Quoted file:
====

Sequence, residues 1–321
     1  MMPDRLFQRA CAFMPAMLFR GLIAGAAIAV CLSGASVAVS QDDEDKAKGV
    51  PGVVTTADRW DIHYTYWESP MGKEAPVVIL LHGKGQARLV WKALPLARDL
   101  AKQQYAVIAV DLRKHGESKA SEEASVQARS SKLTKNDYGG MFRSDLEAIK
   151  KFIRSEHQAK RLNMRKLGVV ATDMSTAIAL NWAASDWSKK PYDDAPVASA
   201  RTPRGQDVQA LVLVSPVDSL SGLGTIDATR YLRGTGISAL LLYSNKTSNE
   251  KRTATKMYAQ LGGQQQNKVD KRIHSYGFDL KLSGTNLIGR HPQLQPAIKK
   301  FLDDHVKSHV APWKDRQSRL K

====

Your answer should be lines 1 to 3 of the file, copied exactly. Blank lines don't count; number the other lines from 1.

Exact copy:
Sequence, residues 1–321
     1  MMPDRLFQRA CAFMPAMLFR GLIAGAAIAV CLSGASVAVS QDDEDKAKGV
    51  PGVVTTADRW DIHYTYWESP MGKEAPVVIL LHGKGQARLV WKALPLARDL